Gen. Mills To Sustainably Source All Of Its Main Ingredients

Gen. Mills To Sustainably Source All Of Its Main Ingredients

The Golden Valley-based food manufacturer said it plans to introduce new protocols in order to sustainably source 100 percent of its 10 “priority” ingredients by 2020.

General Mills, Inc., said it plans to sustainably source 100 percent of its largest raw material purchases by 2020.
 
The Golden Valley-based company said it plans to implement more environmentally conscious practices—including supply assessments, raw material sourcing strategies, and investments in pilot programs with smallholder farmers—to achieve its goal.
 
“As a food company, we know that the vitality of our business depends upon access to high-quality ingredients,” Vice President and Chief Sustainability Officer Jerry Lynch said in a statement. “We also know where we can have the greatest impact from an environmental standpoint. We believe that through sustainable sourcing, we can create the most long-term economic, environmental, and social value.”
 
General Mills’ 10 “priority” ingredients—oats, wheat, corn, dairy, fiber packaging, cocoa, vanilla, palm oil, sugar cane, and sugar beets—currently represent 50 percent of the company's total raw material purchases.
 
A General Mills spokeswoman told Twin Cities Business that the company defines “sustainable sourcing” as the process of cultivating raw materials “in a way that creates long-term economic, environmental, and social value.” She declined to disclose whether there will be additional costs associated with the sustainably sourcing initiative.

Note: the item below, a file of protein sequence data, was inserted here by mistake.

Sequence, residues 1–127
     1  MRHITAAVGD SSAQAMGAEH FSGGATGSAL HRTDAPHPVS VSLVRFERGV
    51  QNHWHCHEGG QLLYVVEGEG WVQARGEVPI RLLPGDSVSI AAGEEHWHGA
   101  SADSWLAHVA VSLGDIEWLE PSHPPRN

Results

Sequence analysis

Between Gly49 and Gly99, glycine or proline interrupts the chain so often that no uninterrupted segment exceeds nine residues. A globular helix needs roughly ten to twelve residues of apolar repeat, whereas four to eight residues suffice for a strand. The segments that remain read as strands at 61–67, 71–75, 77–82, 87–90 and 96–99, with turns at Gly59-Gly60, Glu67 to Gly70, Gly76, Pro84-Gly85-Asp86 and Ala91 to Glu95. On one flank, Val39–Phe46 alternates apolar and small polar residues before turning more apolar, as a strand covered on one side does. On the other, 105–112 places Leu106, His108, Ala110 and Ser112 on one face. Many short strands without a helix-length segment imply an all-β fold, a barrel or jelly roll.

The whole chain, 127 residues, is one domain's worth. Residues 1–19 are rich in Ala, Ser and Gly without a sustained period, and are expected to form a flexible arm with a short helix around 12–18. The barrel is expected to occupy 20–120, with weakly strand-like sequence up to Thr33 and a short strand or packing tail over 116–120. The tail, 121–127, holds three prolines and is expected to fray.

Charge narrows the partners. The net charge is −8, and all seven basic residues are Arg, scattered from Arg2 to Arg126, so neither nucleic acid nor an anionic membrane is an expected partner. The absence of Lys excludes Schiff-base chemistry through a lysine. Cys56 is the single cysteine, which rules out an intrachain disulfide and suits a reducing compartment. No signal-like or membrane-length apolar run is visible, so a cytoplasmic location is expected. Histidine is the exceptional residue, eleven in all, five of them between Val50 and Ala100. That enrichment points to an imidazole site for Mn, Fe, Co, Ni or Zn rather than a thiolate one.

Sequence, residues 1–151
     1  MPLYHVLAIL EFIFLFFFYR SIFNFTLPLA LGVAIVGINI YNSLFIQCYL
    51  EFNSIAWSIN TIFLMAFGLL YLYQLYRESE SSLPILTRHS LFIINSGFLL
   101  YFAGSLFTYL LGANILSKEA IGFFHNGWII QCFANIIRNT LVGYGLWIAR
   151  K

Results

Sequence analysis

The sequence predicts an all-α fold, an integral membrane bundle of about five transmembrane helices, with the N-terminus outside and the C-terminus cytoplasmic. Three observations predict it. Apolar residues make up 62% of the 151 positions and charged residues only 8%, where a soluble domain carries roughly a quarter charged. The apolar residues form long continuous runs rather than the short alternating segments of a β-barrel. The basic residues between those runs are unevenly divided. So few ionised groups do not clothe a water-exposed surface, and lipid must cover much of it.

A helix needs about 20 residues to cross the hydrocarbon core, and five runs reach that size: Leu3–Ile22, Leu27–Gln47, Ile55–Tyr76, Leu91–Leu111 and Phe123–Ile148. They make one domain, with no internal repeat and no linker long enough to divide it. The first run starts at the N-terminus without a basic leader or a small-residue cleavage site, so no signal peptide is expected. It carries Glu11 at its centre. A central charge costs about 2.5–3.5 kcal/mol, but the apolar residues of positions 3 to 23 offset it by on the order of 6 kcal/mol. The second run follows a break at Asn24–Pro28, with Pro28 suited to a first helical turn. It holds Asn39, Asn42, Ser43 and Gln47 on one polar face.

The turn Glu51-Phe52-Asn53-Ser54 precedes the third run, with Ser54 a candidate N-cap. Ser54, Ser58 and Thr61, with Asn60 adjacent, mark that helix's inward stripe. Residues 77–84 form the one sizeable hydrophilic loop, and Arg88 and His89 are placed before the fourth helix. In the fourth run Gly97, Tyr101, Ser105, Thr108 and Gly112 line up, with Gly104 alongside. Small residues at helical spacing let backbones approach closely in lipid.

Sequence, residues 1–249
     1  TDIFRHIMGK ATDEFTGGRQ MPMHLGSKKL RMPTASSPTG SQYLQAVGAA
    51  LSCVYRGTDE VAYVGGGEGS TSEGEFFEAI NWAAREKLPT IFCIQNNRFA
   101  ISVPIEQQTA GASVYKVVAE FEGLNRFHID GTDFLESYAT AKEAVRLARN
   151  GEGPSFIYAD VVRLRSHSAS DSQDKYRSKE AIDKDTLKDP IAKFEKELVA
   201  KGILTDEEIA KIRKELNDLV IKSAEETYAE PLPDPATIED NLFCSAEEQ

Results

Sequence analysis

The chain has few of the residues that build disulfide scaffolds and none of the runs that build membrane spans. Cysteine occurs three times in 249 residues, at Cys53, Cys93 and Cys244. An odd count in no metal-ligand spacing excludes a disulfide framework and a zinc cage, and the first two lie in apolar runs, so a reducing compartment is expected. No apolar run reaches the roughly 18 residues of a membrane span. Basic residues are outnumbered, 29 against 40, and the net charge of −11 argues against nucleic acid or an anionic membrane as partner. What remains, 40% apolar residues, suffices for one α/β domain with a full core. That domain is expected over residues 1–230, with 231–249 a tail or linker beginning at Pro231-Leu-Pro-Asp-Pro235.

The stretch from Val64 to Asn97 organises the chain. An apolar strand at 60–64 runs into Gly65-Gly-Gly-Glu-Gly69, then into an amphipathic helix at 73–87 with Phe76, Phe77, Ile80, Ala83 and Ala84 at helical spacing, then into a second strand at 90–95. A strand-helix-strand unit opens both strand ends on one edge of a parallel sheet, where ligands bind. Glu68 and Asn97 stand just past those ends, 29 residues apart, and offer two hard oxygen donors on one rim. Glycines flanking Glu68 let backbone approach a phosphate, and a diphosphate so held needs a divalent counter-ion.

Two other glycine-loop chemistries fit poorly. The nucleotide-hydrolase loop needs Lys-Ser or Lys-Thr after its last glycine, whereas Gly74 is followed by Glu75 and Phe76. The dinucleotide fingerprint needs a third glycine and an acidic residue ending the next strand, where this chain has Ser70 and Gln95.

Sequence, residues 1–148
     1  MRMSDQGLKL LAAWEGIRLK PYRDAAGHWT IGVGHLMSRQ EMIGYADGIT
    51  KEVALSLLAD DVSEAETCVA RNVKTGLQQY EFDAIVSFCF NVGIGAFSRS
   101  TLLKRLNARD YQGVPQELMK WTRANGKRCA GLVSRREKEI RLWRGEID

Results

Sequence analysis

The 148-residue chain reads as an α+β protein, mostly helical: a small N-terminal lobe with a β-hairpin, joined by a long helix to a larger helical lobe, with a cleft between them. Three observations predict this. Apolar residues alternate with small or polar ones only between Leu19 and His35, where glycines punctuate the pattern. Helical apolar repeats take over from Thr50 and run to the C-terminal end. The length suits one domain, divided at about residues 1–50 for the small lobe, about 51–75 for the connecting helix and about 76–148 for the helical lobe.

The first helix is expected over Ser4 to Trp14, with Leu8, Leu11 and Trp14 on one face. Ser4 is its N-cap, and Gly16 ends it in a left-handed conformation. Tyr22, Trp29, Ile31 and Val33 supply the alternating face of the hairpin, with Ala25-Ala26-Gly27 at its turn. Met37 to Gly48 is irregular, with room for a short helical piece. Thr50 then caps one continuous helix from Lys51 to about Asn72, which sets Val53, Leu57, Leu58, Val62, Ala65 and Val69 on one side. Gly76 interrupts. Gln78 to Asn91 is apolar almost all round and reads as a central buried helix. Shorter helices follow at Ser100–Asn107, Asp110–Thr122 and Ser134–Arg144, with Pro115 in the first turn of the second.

The company said it plans to use its partnerships with industry groups such as the World Wildlife Fund (WWF) and Field-to-Market—a network of producers, agribusinesses, food companies, and conservation organizations—to create sustainable standards for sourcing its ingredients. 
 
General Mills said it made the decision to sustainably source its “priority” ingredients in an effort to reduce the energy required to grow the raw materials and prepare the ingredients it uses. According to a study the company commissioned from environmental data analysis company Trucost, these activities account for nearly two-thirds of greenhouse gas emissions and 99 percent of water use outside General Mills’ own operations.
 
“By understanding their environmental risks, prioritizing where the company can have the greatest impact and committing to sustainable sourcing, General Mills can have a significant impact,” WWF Vice President of Agriculture Dave McLaughlin said in a statement.
 
In June, General Mills signed on as one of the U.S. Food Waste Challenge’s founding partners. The initiative—launched by the U.S. Department of Agriculture—aims to reduce the amount of food in landfills, combat hunger in the United States, and recycle discarded food. Earlier this month, Twin Cities Business profiled General Mills as one of the top five Minnesota companies of the past two decades based on its product development and global growth. Click here to read the story.
 
General Mills reported net earnings of $1.86 billion for the fiscal year that ended May 26—an increase of 18.4 percent from the prior year. The food manufacturer is among Minnesota’s 10 largest public companies based on revenue.

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